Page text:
‘We are all called to be saints’:
“‘Come, follow Me’ is the Lord’s invitation today,” Bishop Kevin C. Rhoades preached to hundreds of Catholic school students at the South Bend-area All-Schools Mass at the University of Notre Dame’s Purcell Pavilion Wednesday, Oct. 24. “Everyone, no matter their state in life, including children and young people, is called to be holy. Right now!”
His words of truth, spoken with joy, resonated with the children present. This was a special Mass, a beloved tradition, in which the students’ pastors concelebrated and the “saints” were in attendance: In the front of the crowds of faithful were fourth-graders dressed in costume and representing different saints of their choosing. From St. Gianna Berretta Molla, doctor, wife and mother, to Padre Pio, priest and stigmatist, and Brother Andre Bessette, CSC, a doorkeeper, a visual of the spiritual reality of the communion of saints was present at the liturgy.
After blessing the students with the Book of the Gospels, Bishop Rhoades began his homily by visiting and speaking with the saintly students. He tried to guess which saints the various students chose.
One saint, however, a princess, was tricky. Bishop Rhoades turned to his fellow priests and asked for their help.
“Does anyone know a French princess who was also a saint?” He asked. “Shaking their heads, he said to the young student, “You’ve stumped a Bishop! Who is she?” St. Adelaide, was the gracious reply.
Returning to the homily, the bishop asked, “What made them great saints? They followed Jesus and opened their hearts to His grace. In doing so, they spread the faith in words and actions. Imagine how we too can transform the world!”
“Some saints were priests, some lay people, women, men of every age …” he told the young people present. “The invitation of Jesus to the first apostles, “I will make you fishers of men,” is also addressed to us. It means that we are called to bring people to Jesus. What a great vocation!
“Isn’t it interesting that the first four apostles were fishermen?” he asked. “Two pairs of brothers, Simon (Peter) and Andrew, and James and John, left their boat, nets, even their father, right away to follow Jesus. A ‘disciple’ is a follower of Jesus. ‘Disciple’ is a Greek word, meaning ‘student.’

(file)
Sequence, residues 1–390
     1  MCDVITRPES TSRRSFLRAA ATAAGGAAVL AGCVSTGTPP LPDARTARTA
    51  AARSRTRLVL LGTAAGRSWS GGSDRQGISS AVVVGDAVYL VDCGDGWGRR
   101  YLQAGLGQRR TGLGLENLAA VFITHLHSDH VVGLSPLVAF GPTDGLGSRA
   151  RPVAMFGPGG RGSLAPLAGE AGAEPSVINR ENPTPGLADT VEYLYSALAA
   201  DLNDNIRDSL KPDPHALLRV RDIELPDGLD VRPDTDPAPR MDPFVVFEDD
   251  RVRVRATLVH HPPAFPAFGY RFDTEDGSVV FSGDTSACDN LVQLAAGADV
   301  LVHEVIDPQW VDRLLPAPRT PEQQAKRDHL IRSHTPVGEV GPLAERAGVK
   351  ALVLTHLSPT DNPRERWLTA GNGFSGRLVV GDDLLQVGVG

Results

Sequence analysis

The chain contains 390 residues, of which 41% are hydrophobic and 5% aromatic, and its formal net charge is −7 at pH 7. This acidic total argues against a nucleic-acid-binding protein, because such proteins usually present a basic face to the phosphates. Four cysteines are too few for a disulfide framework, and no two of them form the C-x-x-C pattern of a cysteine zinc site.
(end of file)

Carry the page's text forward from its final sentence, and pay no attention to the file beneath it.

“Our main teacher is Jesus. In school, you study about the life of Jesus. That’s why we have Catholic schools: to study about and learn from Jesus, to learn how to pray and communicate with Jesus, how to be a friend of Jesus. In fact, He is your best friend.” The bishop’s words, which unfolded the daily Gospel reading of Mark 1:14-20, seemed to connect with the children, who learn in school how to grow in friendship with others.
“The saints heard Jesus’ call to follow and they answered Him. We are all called to be saints. We don’t keep our faith to ourselves: We share His message of salvation with others. Priest, sister, religious brother, layperson, married or single, whatever your vocation, you are called to be a missionary to others, a missionary disciple, sharing the love of Jesus, who died for us, with others.”
Bishop Rhoades emphasized the universal call to holiness. “There is no way to become holy if we don’t pray. … In school you pray together, at Mass, in class, and also I want to recommend to speak with Jesus one-on-one. First thing in the morning, say, ‘Good Morning, Jesus! Thank you for my family! Help me today to grow in Your love.’ Talk to Him and listen to Jesus speak to you in your heart. The saints also pray for us here on earth,” he told them. “They remind us that we are called to be saints, to live with God forever in heaven.”
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